I was picking blueberries with my Dad last summer when I asked him about “3127”. If anyone knew about this remarkable soybean variety from the 1970’s, it would be him…he was the one who developed it.
In the early 70’s, Dad worked in the agronomy department at the University of Maryland. He was an agronomist who specialized in soybean breeding. This technique involves fertilization of the stamen of a female “parent” plant with the pollen of a male “parent” to produce “children” plants with an optimal combination of traits. Dad sought beans with high yields and environmental robustness. At the U of M, Dad applied breeding techniques, also called “crossing”, with leading public seed varieties of the day–Williams and Essex.
In January 1974, Dad stepped out of the public forum and into the commercial market. He was hired by Asgrow Seed Company to start their soybean breeding program in Ames, Iowa. At Asgrow, Dad continued to cross various soybean varieties with Williams and Essex. He was looking for “children” with demonstrated resiliency. Dad has always placed high priority on “defensive packages” in his soybeans varieties–resistant traits for a variety of diseases including tolerance to iron chlorosis, phytophthora root rot, and cyst nematodes. During that critical evaluation period, an early frost decimated the test plots before most of the “children” could be evaluated. Only one variety remained. Unlike the typical tall and thin soybean plants of the day, this one took on the short and squatty stature of the Essex variety, with multiple branching instead of a single stem. In early field trials, Dad noticed the pods of commercial varieties were shattering and spilling their seeds whereas this new public/private cross did not. He knew he was on to something. It was the beginning of 3127.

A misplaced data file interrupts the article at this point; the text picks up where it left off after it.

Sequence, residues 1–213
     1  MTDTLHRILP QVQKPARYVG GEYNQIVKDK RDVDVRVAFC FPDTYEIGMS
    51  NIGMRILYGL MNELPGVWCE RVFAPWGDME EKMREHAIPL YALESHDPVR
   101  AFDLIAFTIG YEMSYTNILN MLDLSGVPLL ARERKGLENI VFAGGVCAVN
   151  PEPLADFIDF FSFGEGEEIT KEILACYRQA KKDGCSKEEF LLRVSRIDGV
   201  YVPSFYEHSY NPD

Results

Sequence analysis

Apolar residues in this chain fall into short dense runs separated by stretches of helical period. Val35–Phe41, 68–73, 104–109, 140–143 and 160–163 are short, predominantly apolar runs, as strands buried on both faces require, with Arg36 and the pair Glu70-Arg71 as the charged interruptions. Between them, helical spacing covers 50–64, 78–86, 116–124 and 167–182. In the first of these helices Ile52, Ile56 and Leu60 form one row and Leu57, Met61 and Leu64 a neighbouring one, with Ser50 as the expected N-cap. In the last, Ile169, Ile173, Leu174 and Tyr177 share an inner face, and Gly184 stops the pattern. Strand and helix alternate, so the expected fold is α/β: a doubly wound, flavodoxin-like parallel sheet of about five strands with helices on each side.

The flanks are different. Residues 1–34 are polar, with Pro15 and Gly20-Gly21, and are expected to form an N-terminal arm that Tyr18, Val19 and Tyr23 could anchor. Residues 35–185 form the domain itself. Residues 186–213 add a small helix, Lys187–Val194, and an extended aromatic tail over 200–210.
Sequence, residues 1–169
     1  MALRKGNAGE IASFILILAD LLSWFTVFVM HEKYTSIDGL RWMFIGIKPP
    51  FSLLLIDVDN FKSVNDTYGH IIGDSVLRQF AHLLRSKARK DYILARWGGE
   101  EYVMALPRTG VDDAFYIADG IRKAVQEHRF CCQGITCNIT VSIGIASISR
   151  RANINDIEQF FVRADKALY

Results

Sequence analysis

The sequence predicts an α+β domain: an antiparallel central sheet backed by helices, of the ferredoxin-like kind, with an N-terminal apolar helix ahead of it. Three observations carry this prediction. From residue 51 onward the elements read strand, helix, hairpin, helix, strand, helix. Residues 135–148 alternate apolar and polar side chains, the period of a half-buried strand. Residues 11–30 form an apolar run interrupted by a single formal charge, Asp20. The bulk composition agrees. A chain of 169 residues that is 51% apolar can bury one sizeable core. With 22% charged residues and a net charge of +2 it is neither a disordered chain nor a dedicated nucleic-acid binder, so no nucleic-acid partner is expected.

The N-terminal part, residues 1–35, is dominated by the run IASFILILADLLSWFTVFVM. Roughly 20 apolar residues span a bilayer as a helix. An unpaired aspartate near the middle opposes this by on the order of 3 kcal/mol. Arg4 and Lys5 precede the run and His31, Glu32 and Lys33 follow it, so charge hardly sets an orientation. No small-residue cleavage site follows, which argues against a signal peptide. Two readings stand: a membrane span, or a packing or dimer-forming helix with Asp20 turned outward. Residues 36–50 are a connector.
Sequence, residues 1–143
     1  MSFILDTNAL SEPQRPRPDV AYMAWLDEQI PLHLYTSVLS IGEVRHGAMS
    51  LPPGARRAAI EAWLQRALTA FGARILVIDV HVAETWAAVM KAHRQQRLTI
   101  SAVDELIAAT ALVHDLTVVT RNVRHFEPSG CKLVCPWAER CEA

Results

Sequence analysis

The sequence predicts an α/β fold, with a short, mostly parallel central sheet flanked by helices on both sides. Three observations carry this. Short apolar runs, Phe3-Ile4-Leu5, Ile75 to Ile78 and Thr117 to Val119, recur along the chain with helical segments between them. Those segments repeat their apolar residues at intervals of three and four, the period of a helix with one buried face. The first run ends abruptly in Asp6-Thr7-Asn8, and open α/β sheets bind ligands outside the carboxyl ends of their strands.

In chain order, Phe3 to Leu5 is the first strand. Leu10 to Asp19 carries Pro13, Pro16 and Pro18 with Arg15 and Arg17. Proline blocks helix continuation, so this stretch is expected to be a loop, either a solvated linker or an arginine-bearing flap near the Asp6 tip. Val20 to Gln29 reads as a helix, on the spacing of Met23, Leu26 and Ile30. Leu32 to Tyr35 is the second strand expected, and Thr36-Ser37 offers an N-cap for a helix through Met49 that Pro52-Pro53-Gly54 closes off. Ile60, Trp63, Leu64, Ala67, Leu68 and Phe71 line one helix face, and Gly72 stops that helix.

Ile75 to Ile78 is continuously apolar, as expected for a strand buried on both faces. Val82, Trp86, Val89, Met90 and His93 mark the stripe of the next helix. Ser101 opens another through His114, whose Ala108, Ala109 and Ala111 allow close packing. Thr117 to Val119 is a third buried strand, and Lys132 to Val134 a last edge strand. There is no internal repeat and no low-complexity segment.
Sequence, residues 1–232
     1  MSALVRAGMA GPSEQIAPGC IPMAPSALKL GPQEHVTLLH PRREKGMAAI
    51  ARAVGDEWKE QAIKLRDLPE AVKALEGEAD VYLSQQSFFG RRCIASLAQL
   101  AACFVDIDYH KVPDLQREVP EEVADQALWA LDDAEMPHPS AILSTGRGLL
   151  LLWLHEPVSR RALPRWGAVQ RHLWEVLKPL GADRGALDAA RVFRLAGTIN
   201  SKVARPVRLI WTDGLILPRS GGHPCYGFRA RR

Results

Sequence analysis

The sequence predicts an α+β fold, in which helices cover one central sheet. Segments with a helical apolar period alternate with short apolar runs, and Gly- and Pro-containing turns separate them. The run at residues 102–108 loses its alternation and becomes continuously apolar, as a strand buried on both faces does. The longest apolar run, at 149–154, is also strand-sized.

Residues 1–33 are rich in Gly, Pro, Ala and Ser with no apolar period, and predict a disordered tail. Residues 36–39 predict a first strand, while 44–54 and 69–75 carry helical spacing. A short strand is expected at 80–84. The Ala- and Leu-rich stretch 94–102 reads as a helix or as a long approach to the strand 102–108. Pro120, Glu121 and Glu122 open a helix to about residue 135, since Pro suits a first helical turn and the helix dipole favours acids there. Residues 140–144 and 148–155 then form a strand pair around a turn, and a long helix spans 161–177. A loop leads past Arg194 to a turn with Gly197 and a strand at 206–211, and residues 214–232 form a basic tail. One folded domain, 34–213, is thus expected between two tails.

In those days, I was an adolescent growing up in central Iowa, playing a little baseball and working at the Asgrow research facility. I was part of crews that would “walk beans”–walking through bean rows with a hoe and hacking weeds. As I walked, I watched the crossers sitting on beach blankets in the field, some wearing elaborate head coverings. The women wore halter tops to catch a few rays. These hearty souls would sit on the soil huddled over the parent rows, moving slowly down the plot, one plant at a time.
Dad poured his heart into bringing 3127 to market. He had test plots scattered throughout the Western Hemisphere to accelerate bean maturation. I could tell my Dad was really into his work. He would travel often to see how his beans were doing. Those were the days before digital cameras. He would often come home with stacks of 4×6 photographs showing row after row of soybeans. They all looked the same to me, but to him, there was something remarkable in every one. My parents have a closet full of photo boxes in their guest room, many of which are pictures of soybean fields in who-knows-where.
3127 inherited hardy traits from Essex, but unlike Essex, it was an indeterminate variety, like most soybeans in the Midwest. Indeterminate varieties like 3127 continue to grow after they produce their first pods. A tremendous advantage of indeterminate plants is their ability to recover after periods of hot and dry weather. When dry weather hits a determinate variety at the peak of its flower and pod production, the plant may abort those pods and lose its productivity. Not so with indeterminates–they keep producing. 3127 thus had an optimal combination of disease tolerance and drought resistance–a combination that promised consistently high yields.